The area of the apical system is naked, as are the interambulacral areas on the upper surface of the test (Hendler et al. 1995). Four prominent plates cover the periproct. Pore pairs are arranged in a vertical series, and the interambulacral tubercles are equal in size. While most urchins possess both long primary and short secondary spines, A. punctulata possesses only the long type (Ruppert & Barnes 1994).
The purple-spined sea urchin, Arbacia punctulata, is named for its long slender spines, which are often purple to brown in color. However, spines of some individuals can also vary in color from reddish or reddish gray to almost black (Harvey 1956). The spines are generally the same color as the test, and the muscle bases are whitish with several brown to purple spots (Hendler et al. 1995). Tube feet are olive in color and inconspicuous aborally. Stalks of the aboral pedicellariae share the same color as the muscle bases. The oral side of the test is light brown to light purple, with a white peristome area, and silvery white circumoral feet with white terminal disks. The oral primaries are lighter than the aboral primaries, and sometimes appear with white and pink bands.
HABITAT & REGIONAL OCCURENCE:
A. punculata occurs in beds of the turtle grass, Thalassia testudinum, under coral rubble, and on rock, sandy or shelly bottoms (Hendler et al. 1995). Most individuals reside in shallow waters less than 50 m deep, although A. punctulata has been found down to 225 m (Serafy 1979).
The range of A. punctulata extends from Maine to Cuba, the Yucatán Peninsula, Florida to Texas in the Gulf of Mexico, Panama to French Guiana and north to Barbados (Serafy 1979, Kaplan 1988).
INDIAN RIVER LAGOON DISTRIBUTION:
The distribution of A. punctulata in the IRL is undocumented. However, they tend to be concentrated around rock jetties and other hard structures near inlets (Ruppert & Fox 1988; LH Sweat, personal observation).
A. punctulata reaches a total diameter, including spines, of about 100 mm. The test alone reaches a diameter of about 50 mm (Hendler et al. 1995).
The sex ratio of A. punctulata has been reported to be 1.03 males to every female (Shapiro 1935). Detailed abundance data remain unreported for the IRL, but both solitary individuals and aggregated urchins can be found in the lagoon.
REPRODUCTION & EMBRYOLOGY:
Shapiro (1935) reported an incidence of hermaphrodism in 1 of every 2,350 A. punctulata. The reproductive season of this urchin is long in the warm waters of Florida, but discrete spawns are more evident in spring and summer near the northern part of its range (Harvey 1956, Serafy 1979). A. pulchella is a popular species for biological research, especially embryological and larval studies.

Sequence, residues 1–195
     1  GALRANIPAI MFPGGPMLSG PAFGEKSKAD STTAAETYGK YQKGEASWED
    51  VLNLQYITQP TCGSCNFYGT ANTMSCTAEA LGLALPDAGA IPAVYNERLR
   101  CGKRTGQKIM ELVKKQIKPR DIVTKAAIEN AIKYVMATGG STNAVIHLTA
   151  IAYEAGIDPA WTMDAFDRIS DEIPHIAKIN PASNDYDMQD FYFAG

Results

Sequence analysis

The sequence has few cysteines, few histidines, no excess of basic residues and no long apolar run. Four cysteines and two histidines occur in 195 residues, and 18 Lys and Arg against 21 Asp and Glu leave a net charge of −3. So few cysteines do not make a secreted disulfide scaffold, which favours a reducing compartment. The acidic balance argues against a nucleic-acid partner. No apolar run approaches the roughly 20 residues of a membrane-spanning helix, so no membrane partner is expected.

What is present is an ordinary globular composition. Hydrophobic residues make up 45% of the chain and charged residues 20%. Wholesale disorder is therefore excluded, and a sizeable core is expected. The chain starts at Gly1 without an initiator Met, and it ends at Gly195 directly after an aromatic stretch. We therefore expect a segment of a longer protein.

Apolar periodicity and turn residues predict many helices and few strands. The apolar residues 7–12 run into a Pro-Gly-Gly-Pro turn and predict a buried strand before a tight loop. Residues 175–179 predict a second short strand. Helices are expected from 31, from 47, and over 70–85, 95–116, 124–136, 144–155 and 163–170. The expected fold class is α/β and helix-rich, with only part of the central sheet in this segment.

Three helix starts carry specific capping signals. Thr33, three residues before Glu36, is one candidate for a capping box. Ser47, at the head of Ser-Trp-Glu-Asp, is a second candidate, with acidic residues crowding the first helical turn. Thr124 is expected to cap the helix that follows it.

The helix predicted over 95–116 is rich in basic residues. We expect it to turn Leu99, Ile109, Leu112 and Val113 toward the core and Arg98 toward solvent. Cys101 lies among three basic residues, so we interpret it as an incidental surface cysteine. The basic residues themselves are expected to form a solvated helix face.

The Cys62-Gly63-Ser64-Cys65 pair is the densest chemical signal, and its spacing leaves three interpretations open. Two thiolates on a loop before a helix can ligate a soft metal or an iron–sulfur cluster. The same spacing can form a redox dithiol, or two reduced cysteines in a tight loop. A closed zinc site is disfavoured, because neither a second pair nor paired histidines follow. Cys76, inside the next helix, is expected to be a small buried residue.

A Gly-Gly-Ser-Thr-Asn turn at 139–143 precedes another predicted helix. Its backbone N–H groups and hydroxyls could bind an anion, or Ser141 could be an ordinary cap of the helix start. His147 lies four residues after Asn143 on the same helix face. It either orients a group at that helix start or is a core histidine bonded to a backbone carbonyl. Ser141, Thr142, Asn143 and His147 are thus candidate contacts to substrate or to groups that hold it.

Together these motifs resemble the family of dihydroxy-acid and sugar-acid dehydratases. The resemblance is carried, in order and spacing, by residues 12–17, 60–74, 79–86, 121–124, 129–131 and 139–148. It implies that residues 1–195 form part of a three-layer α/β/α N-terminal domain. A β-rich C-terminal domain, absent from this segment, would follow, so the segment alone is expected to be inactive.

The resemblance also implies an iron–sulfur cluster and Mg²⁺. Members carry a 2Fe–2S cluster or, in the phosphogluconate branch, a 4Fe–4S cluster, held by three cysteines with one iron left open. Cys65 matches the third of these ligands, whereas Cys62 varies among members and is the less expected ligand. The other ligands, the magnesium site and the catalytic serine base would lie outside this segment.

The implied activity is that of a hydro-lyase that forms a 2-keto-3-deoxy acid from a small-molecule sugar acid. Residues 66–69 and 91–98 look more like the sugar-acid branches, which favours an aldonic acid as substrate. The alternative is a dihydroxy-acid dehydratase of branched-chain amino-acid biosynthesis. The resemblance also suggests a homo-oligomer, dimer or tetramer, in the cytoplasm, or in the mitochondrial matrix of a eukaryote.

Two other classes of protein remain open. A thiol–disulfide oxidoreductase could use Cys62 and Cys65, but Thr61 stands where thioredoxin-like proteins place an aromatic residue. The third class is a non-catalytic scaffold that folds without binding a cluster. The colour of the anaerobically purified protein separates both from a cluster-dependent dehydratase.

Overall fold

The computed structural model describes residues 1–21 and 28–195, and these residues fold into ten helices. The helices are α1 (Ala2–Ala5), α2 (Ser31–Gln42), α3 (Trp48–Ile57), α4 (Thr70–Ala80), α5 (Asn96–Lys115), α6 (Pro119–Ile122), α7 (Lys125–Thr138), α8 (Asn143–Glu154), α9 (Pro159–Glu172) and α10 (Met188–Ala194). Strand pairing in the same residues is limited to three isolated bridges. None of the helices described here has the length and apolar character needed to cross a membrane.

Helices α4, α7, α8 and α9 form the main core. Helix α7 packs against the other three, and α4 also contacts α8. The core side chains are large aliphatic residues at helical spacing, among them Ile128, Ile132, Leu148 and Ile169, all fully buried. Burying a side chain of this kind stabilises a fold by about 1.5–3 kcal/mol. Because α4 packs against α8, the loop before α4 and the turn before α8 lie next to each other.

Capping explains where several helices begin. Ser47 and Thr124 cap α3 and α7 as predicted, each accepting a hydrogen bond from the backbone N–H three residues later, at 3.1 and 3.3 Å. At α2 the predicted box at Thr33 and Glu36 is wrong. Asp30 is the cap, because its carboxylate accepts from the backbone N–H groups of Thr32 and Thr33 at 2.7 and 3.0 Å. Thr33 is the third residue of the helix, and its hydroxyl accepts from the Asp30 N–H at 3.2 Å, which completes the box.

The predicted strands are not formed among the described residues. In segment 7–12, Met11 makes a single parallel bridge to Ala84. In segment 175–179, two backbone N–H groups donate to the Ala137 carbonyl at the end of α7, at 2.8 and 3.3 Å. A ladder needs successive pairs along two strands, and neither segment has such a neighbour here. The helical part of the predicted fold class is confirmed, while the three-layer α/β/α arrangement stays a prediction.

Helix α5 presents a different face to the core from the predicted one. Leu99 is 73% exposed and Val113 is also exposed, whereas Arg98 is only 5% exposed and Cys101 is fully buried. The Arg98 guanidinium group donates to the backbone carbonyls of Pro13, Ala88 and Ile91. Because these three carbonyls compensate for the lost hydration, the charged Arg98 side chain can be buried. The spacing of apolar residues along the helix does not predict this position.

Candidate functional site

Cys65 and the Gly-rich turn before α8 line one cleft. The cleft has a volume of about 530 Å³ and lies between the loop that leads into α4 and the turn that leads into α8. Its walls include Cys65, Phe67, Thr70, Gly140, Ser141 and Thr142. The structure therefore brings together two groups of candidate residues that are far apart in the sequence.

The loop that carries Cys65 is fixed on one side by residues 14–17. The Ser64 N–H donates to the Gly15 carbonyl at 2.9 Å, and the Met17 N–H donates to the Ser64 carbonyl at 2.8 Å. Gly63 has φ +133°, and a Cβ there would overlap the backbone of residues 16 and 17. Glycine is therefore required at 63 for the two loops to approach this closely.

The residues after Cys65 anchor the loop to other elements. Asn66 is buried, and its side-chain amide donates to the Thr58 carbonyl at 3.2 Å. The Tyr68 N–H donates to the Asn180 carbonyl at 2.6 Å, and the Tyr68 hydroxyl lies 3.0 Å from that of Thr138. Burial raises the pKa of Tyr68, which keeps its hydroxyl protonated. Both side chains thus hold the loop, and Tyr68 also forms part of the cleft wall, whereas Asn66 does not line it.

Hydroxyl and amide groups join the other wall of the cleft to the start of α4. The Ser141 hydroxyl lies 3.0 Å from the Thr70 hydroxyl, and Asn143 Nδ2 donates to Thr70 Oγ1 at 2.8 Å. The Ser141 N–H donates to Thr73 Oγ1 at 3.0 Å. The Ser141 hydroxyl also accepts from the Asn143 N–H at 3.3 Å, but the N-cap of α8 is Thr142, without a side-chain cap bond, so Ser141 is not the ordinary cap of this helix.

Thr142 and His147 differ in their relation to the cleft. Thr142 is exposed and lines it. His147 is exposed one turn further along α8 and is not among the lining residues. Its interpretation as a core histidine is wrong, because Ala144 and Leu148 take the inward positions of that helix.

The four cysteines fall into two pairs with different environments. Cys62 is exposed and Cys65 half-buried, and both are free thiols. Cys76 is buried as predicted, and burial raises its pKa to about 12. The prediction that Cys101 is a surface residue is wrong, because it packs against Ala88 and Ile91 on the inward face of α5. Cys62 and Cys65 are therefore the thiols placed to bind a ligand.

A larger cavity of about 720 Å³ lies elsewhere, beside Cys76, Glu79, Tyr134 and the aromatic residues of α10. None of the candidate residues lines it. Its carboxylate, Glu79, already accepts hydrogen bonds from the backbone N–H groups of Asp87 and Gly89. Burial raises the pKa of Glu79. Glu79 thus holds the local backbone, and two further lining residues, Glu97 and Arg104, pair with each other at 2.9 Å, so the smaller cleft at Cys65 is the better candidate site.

The purple-spined sea urchin is primarily an herbivore, although it has been known to consume sponges, coral polyps, sand dollars, and even other A. punctulata (Harvey 1956, Fell et al. 1984). Foraging on algae and observed chemical attraction to preferred algal species increases at night (Hay et al. 1986) when the risk of predation is probably lower.
Of the many algal species available, studies have documented preferred grazing by A. punctulata on Gracilaria tikvahiae and Sargassum filipendula. However, food preference studies are not necessarily comprehensive, and may exclude species that would be consumed under certain circumstances. For example, Renaud et al. (1990) showed that the A. punctulata preferred dried Padina gymnospora over G. tikvahiae, suggesting that desiccation decreased the chemical defenses of the characteristically unpalatable P. gymnospora.
MOVEMENT & BEHAVIOR:
Locomotion in A. punctulata is achieved primarily via the spines, and not the tube feet (Agassiz 1873). When a shadow is cast on the urchin, as might occur in the case of an approaching predator, the protective spines are pointed in the direction of the object (Ruppert & Fox 1988).
Commensal relationships have been described between A. pulchella and up to 145 other species, especially copepods (Bell & McClintock 1982).
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Bell SS & JB McClintock. 1982. Invertebrates associated with echinoderms from the west coast of Florida with special reference to herpactacoid copepods. In: Lawrence JM (Ed.). 165-171. Echinoderms: Proceedings of the International Conference. Tampa Bay, 14-17 September 1981. Balkema, Rotterdam.
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Ruppert EE & RD Barnes. 1994. Invertebrate zoology, 6th edition. Saunders College Publishing. Orlando, FL. USA. 1056 pp.
Ruppert, EE & RS Fox. 1988. Seashore animals of the Southeast: A guide to common shallow-water invertebrates of the southeastern Atlantic coast. University of SC Press. Columbia, SC. USA. 429 pp.
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Shapiro H. 1935. A case of functional hermaphrodism in the sea urchin, Arbacia punctulata, and an estimate of the sex ratio. Amer. Nat. 69: 286-288.